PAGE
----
The US is experiencing some of the highest inflation rates in decades, which can result in financial disaster for those in retirement. Inflation means fluctuations to the dollar’s purchasing power may have a significant effect on a retiree’s ability to cover costs of living and maintain a quality of life, says Kiplinger’s recent article entitled “Is Inflation Costing You More as a Retiree?”
- Disproportionate Impact on Retirees. Inflation impacts people differently. There are some who feel only a minor impact from higher rates. However, retirees tend to spend larger portions of their income on items highly impacted by inflation, such as housing, food, gas and health care, all of which are seeing the full effects.
The recent rise in prices forces a lot of retirees to address tough questions about how to protect their retirement savings, while covering their costs of living.
- Cost of Living Increases. Retirees’ sources of income may be at risk to large inflation spikes. Retiree likely have most of their income tied to markets or in fixed income. These two sources are highly impacted. Social Security does offer cost of living adjustments or COLAs, but the last increase was 5.9%, which falls short of the 8% to 9% increase in prices we’ve seen over the past year.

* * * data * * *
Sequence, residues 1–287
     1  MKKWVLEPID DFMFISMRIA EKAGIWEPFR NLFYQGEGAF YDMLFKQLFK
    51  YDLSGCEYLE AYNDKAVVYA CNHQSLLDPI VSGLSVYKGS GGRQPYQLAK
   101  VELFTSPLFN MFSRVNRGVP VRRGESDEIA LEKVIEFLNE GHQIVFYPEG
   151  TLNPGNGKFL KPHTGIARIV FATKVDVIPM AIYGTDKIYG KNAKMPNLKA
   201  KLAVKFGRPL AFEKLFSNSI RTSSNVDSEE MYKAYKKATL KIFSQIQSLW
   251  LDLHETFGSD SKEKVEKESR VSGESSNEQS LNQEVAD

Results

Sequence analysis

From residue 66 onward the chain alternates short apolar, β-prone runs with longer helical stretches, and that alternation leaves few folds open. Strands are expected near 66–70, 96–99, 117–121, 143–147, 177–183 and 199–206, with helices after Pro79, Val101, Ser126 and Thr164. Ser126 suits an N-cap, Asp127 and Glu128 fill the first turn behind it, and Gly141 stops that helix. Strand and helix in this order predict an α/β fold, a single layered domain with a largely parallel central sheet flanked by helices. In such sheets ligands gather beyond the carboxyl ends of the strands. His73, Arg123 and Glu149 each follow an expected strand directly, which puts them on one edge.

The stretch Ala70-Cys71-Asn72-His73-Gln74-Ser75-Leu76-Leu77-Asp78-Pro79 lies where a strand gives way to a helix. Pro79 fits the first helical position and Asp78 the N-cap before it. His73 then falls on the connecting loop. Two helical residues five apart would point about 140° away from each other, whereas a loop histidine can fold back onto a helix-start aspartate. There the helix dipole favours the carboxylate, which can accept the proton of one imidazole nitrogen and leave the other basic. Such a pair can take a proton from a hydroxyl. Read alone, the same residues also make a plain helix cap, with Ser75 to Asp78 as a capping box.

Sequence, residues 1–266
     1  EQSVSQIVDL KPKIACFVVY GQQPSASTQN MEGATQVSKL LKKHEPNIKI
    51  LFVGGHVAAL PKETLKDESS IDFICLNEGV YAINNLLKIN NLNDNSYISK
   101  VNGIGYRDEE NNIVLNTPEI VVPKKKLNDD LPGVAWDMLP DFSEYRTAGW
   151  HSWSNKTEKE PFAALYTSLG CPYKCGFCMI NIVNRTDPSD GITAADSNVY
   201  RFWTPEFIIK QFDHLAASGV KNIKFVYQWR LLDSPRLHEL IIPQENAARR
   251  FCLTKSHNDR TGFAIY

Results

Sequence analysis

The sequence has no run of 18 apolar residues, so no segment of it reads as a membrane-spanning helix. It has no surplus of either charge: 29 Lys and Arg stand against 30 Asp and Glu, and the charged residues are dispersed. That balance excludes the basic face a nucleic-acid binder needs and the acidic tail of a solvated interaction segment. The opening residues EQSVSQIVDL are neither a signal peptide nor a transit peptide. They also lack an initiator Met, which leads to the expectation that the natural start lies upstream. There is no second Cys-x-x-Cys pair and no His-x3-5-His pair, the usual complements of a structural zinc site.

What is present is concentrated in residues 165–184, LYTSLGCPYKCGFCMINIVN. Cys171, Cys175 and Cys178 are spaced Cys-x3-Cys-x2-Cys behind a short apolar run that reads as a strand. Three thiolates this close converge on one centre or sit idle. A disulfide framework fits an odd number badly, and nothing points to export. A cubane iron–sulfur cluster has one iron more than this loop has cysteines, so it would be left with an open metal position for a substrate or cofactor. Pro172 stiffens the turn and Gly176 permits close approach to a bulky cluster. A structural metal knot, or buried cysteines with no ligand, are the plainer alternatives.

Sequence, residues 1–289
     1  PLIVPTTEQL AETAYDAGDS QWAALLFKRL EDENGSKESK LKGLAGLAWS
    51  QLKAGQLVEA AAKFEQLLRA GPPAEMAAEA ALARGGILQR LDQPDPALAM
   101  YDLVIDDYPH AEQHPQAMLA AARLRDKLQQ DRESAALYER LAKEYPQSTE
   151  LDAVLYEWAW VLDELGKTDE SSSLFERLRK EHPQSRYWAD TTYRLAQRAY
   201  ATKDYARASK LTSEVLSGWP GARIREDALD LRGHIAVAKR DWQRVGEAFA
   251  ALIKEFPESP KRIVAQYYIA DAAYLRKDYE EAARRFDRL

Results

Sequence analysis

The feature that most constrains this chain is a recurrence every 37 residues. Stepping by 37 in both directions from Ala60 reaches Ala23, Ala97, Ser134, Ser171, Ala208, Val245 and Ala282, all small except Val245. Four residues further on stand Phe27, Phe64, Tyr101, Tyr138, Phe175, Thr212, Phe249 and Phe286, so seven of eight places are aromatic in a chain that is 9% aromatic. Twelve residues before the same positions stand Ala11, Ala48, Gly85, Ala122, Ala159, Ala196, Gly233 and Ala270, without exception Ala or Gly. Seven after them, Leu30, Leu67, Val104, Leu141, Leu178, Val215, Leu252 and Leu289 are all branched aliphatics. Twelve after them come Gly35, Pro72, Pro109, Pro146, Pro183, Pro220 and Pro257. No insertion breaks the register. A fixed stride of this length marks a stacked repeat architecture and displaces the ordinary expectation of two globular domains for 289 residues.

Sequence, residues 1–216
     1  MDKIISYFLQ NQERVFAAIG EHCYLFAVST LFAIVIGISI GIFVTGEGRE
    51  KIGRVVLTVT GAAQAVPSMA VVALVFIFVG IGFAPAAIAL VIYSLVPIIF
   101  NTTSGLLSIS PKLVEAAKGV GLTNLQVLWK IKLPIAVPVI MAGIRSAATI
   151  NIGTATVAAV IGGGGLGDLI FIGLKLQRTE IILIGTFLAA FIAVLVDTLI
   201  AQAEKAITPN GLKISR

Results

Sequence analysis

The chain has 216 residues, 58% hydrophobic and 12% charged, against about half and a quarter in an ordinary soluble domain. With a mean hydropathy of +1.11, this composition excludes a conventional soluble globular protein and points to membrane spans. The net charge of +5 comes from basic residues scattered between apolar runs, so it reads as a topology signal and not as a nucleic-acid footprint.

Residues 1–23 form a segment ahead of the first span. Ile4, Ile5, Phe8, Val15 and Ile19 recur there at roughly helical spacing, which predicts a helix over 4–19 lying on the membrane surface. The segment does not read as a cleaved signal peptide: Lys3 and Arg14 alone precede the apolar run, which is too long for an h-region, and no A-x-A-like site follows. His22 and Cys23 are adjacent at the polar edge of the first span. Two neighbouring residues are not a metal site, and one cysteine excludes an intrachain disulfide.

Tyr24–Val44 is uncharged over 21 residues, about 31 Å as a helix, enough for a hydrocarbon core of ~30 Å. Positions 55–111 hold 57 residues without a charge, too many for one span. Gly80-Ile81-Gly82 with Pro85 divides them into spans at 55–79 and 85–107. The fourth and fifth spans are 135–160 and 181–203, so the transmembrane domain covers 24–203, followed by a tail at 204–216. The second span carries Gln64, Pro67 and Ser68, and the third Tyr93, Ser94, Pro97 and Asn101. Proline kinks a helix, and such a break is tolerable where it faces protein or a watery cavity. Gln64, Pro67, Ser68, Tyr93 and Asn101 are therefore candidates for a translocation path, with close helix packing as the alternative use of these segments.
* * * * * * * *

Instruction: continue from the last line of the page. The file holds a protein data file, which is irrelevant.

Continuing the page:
Retirees frequently use savings to get them through retirement. However, when inflation happens, the purchasing power of savings declines. As a result, retirees must withdraw larger amounts of savings to cover the costs of living. This shrinks the lifespan of retirement savings.
- Protect Yourself with Hedges. Inflation-protected securities can be a way to keep income on pace. Treasury Inflation-Protected Securities, commonly known as TIPS, offer an interest distribution rate that keeps pace with the CPI rates. This investment has helped many retirees mitigate inflation and maintain their quality of life throughout retirement without worrying about outliving their savings.
Retirees and their savings face a stormy forecast ahead. With fixed income, rising expenses, and little ability to earn more, retirees may need to tighten their belts even further.
Reference: Kiplinger (July 16, 2022) “Is Inflation Costing You More as a Retiree?”